Merck Sues Biden Administration Over Drug Pricing Law

Pictured: A sign with the Merck logo surrounded by

Pictured: A sign with the Merck logo surrounded by

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In a lawsuit filed Tuesday in federal district court, Merck claimed that the price negotiation program laid out in the Inflation Reduction Act violates the U.S. Constitution.

Pictured: A sign with the Merck logo surrounded by yellow flowers in front of a glass building / iStock, hapabapa

Merck & Co. on Tuesday filed a lawsuit against the Biden administration in the U.S. District Court for the District of Columbia, challenging the constitutionality of the Inflation Reduction Act that deals with drug price negotiation.

The company argued that the program would force biopharma companies to negotiate prices below market value for drugs covered by Medicare, thereby violating the First and Fifth Amendments. Merck contended that the Fifth Amendment, in part, requires just compensation from the government for the public use of private property and that by forcing companies to acknowledge that prices are fair, the drug price negotiation program flies in the face of the First Amendment’s protections of free speech.

Merck is seeking an injunction to the newly enacted requirement. “Because this statute unlawfully impairs our core purpose of engaging in innovative research that saves and improves lives, Merck intends to litigate this matter all the way to the U.S. Supreme Court if necessary,” Robert Josephson, a Merck spokesperson, said in a statement, according to Politico.

President Biden signed the Inflation Reduction Act (IRA) into law last August. It aims to reduce the costs of drugs by $25 billion annually over the next eight years, starting this September when the Centers for Medicare & Medicaid Services (CMS) will announce the 10 drugs that cost the government agency the most money. In the lawsuit, Merck noted that its diabetes drug Januvia is expected to be on the list. Last year, Januvia brought in $2.8 billion.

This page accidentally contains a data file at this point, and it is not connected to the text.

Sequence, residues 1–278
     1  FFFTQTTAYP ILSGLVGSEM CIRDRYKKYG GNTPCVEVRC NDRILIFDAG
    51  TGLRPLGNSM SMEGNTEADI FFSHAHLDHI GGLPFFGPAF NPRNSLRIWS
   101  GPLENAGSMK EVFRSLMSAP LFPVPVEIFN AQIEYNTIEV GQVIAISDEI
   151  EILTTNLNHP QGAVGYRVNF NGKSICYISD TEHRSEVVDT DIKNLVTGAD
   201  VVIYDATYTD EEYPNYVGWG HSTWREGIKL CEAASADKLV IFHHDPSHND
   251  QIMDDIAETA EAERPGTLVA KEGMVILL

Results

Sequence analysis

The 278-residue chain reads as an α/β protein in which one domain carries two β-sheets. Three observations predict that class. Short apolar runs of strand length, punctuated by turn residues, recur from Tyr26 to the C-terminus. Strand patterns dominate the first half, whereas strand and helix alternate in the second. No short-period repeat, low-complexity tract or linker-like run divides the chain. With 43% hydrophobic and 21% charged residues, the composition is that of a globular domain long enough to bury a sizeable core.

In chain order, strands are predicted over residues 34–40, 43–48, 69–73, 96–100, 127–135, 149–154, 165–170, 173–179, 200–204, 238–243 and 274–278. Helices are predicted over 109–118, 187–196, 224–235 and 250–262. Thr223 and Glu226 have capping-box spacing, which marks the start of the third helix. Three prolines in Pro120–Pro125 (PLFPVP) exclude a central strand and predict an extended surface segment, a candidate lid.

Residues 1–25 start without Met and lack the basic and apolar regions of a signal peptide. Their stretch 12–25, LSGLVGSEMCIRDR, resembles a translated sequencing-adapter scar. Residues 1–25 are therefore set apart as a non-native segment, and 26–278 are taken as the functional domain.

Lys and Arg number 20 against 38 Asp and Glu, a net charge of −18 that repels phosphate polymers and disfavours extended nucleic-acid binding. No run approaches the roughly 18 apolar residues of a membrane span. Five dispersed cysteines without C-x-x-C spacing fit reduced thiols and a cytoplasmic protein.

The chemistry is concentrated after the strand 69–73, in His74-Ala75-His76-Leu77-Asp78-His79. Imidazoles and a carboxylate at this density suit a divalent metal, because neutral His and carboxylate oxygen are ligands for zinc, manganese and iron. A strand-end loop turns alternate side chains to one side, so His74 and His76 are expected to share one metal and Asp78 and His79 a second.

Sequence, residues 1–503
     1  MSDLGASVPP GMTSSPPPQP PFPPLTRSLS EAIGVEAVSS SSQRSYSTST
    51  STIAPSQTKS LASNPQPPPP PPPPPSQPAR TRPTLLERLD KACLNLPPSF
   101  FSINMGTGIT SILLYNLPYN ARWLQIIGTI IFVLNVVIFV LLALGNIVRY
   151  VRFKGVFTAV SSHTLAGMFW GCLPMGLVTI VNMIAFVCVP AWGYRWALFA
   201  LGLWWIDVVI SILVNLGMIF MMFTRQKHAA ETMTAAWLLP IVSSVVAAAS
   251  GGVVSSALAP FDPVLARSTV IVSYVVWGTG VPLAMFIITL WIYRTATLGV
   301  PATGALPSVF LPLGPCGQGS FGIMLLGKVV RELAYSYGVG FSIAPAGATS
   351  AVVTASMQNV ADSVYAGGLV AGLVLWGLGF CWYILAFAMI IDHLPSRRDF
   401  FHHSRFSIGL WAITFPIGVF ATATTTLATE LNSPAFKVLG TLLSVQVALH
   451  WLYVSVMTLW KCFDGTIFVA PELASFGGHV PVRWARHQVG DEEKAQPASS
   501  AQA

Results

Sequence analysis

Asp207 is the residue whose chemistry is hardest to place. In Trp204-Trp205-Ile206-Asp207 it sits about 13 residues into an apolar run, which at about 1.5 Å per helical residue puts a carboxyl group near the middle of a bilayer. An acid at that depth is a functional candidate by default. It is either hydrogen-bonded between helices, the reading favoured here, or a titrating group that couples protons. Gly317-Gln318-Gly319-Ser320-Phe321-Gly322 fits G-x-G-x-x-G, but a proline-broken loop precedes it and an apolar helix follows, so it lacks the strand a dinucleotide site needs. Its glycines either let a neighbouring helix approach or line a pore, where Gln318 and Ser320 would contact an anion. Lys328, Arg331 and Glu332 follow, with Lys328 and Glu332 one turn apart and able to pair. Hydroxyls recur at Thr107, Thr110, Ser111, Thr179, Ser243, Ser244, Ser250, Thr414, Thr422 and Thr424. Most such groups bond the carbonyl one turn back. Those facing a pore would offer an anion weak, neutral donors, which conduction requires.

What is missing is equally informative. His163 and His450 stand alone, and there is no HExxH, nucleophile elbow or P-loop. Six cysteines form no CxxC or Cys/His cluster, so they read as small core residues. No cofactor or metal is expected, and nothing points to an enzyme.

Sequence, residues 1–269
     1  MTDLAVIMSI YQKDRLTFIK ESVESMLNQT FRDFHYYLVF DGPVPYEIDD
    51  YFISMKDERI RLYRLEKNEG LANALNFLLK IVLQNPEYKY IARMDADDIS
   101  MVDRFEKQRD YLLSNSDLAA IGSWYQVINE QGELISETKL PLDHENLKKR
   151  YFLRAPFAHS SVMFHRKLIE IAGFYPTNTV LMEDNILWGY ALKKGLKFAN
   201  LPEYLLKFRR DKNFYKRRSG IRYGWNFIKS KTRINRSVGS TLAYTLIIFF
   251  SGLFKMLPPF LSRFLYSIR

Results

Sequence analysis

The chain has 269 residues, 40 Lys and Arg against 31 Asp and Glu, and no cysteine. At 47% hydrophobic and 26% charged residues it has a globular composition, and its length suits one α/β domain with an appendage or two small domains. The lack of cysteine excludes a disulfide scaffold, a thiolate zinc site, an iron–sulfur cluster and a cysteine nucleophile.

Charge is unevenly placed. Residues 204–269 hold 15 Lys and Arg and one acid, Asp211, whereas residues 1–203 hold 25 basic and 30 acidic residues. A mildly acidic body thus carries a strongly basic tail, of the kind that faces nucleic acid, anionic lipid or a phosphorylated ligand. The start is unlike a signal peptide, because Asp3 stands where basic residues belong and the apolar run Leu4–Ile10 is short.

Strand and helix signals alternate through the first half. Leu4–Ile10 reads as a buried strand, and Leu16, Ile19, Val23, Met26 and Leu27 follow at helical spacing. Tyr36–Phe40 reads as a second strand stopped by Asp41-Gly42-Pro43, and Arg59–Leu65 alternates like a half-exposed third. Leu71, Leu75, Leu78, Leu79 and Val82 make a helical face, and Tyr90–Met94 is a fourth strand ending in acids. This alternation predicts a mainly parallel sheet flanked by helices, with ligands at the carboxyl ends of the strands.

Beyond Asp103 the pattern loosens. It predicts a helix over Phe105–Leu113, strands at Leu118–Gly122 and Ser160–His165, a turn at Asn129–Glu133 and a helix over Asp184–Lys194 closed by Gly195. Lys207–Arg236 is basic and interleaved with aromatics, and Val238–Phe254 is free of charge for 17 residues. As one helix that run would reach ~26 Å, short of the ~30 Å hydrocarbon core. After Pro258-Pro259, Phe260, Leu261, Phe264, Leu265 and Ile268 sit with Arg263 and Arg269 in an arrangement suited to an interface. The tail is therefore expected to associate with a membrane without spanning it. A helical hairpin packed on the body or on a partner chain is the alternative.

Newly negotiated prices for these first 10 drugs will go into effect in 2026 and are projected to cut industry profits by $4.8 billion in the first year, Reuters reported. The biopharma industry has argued that the program will result in slowed drug development as a result of these profit losses.

In subsequent rounds, Merck expects that more of its drugs will be subject to negotiation. These include its blockbuster cancer immunotherapy Keytruda, which earned the company $21 billion last year (35% of the company’s total revenue), and its other diabetes drug Janumet, which brought in $1.7 billion.

The company’s lawsuit, specifically filed against the U.S. Department of Health & Human Services (HHS) and CMS, as well as the two agencies’ leaders, stated that “the IRA uses severe penalties to requisition medicines while refusing to pay their fair value—and then coerces manufacturers to smile, play along, and pretend it is all part of a ‘fair’ and voluntary exchange. This is political Kabuki theater.”

Companies have previously raised First Amendment challenges in drug pricing cases, such as a 2019 HHS rule to mandate the inclusion of pricing in DTC ads, but the court vacated that rule on other grounds.

Jef Akst is managing editor of BioSpace. You can reach her at Follow her on LinkedIn and Twitter @JefAkst.

Correction (June 8): This story has been updated to remove the incorrect statement that the 2019 HHS rule was overturned on the grounds of First Amendment violations, as reported by Endpoints News. In fact, the court did weigh in on the First Amendment arguments used by the plaintiffs but instead stated that CMS never had the authority to issue the rule in the first place.

Jef Akst is managing editor of BioSpace. You can reach her at Follow her on LinkedIn and Twitter @JefAkst.